The Chicago Tribune: Land Of Bait-And-Switch No, there’s no health insurance company named Land of Bait-and-Switch operating in Illinois. But we understand why people might think so. Over the past few months, many people signed up with upstart insurer Land of Lincoln Health in part because it offered the University of Chicago Medical Center and affiliated doctors in its network. You’ll recall that thousands of people here had to scramble to find coverage after the state’s dominant carrier, Blue Cross and Blue Shield of Illinois, eliminated a popular individual market plan that included U. of C. …. In late December, after many people had enrolled for 2016 with Land of Lincoln, the insurer dropped the U. of C. from its insurance network, effective March 1. (1/21)
JAMA: Policy Solutions For Better Hearing Assessment of hearing is rarely included in routine primary care evaluations, and physicians often view hearing impairment in patients as a difficulty in communication (which it is) and not a medical problem that needs attention. One reason for this lack of attention is that hearing loss has been considered a normal aspect of aging and therefore not amenable to medical treatment. Another challenge, as noted by the US Preventive Services Task Force, is that there is limited evidence about screening (such as the most effective screening tools) for asymptomatic adults older than 50 years. It is time for the health care system to make hearing a priority, a key part of healthy aging, and to increase the availability of hearing technology to the millions of people who could benefit from it. (Christine Cassel, Ed Penhoet and Robert Saunders, 1/21)
Health Affairs: Supplemental Benefits Under Medicare Advantage Much has been written about the relative merits of Medicare Advantage (MA) and Medicare Fee-For-Service from the standpoint of efficiency and care coordination, but less attention has been paid to the supplemental benefits that distinguish MA plans. … It has been suggested that Medicare Advantage’s supplemental benefits, such as gym memberships, have been designed to attract healthier enrollees. However, CMS data reveals that these are relatively trivial elements of MA supplemental benefit packages. The bulk of supplemental benefits under MA are features of greater value to the sick than to the healthy. In addition to mandatory supplemental protection from catastrophic out-of-pocket costs, the majority of MA plans include preventive dental care, eye care, and hearing assistance. (Christopher Pope, 1/21)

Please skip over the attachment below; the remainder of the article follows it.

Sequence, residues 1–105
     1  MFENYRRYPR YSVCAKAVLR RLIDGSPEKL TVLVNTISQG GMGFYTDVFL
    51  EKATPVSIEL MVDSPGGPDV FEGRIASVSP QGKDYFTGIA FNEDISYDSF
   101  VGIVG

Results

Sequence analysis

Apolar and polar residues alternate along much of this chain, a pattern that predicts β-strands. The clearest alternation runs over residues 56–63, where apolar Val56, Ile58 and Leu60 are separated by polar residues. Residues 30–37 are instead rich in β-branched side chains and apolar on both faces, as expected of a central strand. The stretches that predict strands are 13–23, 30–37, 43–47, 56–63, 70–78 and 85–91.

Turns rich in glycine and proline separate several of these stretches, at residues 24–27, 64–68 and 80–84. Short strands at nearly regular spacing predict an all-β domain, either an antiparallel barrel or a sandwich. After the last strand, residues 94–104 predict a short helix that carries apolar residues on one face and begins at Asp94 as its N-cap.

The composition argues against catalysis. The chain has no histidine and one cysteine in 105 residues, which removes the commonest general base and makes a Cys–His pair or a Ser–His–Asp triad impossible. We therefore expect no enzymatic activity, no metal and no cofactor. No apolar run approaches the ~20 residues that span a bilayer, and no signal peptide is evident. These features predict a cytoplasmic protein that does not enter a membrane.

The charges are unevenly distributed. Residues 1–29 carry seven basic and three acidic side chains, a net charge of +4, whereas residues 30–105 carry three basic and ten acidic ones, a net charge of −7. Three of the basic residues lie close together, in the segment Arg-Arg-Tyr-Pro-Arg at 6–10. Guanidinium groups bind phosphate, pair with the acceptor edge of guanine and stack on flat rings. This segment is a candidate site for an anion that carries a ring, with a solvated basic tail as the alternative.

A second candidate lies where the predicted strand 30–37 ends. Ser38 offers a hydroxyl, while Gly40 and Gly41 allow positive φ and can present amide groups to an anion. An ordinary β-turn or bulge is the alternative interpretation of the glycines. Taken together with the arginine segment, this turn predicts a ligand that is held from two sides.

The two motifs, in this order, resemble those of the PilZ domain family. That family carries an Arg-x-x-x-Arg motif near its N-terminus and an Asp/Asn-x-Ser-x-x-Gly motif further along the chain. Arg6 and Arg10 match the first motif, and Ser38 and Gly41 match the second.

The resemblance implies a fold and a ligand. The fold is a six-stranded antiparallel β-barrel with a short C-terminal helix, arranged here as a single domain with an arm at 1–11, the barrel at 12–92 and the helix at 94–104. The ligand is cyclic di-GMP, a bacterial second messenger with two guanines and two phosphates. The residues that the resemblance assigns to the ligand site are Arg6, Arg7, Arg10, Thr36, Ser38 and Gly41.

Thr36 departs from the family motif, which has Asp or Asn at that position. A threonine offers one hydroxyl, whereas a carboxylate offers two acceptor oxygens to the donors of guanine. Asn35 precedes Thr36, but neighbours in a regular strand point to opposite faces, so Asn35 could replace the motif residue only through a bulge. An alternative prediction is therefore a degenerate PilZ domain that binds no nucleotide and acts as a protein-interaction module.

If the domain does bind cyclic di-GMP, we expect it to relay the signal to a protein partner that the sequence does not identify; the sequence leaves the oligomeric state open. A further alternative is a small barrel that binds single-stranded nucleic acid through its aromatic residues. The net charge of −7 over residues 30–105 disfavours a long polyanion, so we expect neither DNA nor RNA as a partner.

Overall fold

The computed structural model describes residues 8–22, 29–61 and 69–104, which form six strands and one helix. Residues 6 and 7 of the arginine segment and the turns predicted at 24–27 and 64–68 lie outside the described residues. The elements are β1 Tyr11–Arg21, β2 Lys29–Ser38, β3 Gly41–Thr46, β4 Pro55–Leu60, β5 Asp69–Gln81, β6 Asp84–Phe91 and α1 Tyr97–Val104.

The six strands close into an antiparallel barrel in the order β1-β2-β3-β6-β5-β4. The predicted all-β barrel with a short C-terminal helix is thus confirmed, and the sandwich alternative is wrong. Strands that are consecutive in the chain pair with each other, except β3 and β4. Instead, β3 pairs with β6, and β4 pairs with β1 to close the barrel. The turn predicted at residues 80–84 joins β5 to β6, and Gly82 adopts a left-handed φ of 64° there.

news@JAMA: Promoting Therapeutic Innovation: What Do We Do About Drug-Device Combinations? There’s been a heated debate over the past year over whether legislative incentives are needed to encourage certain types of therapeutic innovation. Much of this debate centered on the passage of the 21st Century Cures Act by the US House of Representatives (awaiting action by the Senate), which contained provisions intended to expedite availability of medical products such as new antibiotics and high-risk devices. Somewhat less prominent is legislation proposed in the Senate, the Combination Product Regulatory Fairness Act, which is intended to promote innovation among products that contain both a drug and device. (Bo Wang and Aaron S. Kesselheim, 1/21)
This is part of the KHN Morning Briefing, a summary of health policy coverage from major news organizations.